Finally, as things wound down, I left the Borders and made my way home, wiser, happier, more fulfilled and in eager anticipation of my next scheduled meetup with the Digital Video, Audio and Animation for Profit and Networking at the Fairfax County Public Access studio on Saturday, 14 February 2009.

26 January 2009

It's not easy being Green... or Blue for that matter

I attended the DC Podcaster Alliance meetup over the weekend and much to my delight, the topic of the day was using Chroma Key (commonly referred to as Green Screen) in your podcast. Although at times it was slow to explain or information too basic or not much use, the talk given by Ray, the author of the Produce Picker podcast (see comments), was excellent and rather enjoyable. The meeting was crammed to the gills as this talk was apparently a very popular topic. I previously attended a meetup in November which was about legal issues with respect to protecting your podcast which has me seriously thinking about designing a trademark for my production company, TimeHorse, Multimedia — as well as simply incorporating, like the folks at Green Dragonfly, LLC.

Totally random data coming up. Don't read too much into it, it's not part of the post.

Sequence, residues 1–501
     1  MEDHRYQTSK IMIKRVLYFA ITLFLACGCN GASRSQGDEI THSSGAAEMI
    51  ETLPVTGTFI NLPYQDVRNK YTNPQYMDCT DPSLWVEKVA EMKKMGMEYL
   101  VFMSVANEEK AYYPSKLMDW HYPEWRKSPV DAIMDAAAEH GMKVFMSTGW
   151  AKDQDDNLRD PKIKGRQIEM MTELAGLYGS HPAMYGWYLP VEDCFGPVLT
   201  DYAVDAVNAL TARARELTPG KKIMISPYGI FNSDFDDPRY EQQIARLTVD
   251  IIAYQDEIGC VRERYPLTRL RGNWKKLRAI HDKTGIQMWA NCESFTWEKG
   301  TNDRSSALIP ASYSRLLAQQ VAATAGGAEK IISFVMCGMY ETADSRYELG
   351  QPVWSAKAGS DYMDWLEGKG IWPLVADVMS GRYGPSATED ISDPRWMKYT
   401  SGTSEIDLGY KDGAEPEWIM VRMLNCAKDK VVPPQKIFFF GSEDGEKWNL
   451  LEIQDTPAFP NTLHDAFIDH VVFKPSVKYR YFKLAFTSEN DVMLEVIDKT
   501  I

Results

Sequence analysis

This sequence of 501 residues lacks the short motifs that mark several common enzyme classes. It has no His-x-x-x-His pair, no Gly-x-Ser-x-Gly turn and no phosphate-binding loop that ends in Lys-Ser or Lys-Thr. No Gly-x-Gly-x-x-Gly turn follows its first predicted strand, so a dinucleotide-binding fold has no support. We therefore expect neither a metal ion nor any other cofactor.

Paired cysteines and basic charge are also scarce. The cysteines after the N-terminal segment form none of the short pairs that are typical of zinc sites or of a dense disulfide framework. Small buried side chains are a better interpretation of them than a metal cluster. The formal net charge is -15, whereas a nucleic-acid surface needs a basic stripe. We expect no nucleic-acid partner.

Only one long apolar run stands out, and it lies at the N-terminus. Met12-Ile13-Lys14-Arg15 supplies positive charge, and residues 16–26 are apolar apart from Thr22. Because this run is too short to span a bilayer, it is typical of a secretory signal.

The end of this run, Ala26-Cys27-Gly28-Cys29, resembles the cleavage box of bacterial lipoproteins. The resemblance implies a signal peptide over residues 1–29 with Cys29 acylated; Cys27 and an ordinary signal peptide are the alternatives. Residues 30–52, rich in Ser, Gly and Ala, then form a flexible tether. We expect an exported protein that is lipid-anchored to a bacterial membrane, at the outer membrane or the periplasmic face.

I do dream of Project KronoSphere being a live-action drama, with real actors and computer generated special effects, and Chroma Key would make that a lot easier. None the less, the Computer Generated Images (CGI) alone are quite beyond me, having cut my chops on POV-Ray many a moon ago only to be completely frustrated with how difficult it is to create even the simplest of landscapes. And POV-Ray would only generate a single frame of video, never mind animating this creature or that monster or even a simple moving table. And then there is the problem that a proper drama should have 3 cameras to switch between close-ups and long shots, and I don't even have one. Finally, I think it will be deathly hard to get simple voice actors to voice Episode 4a, never mind do live-action. It all boils down to who will do it for a proportion of the money I plan to make on this, which is currently $0? I might be able to do all the male voices for a given script, but I'm at a loss when it comes to sounding feminine. I will probably ask folks in the various clubs and associations I belong to, asking for volunteers, but let me finish the script for Episode 4a first, and then worry about actors.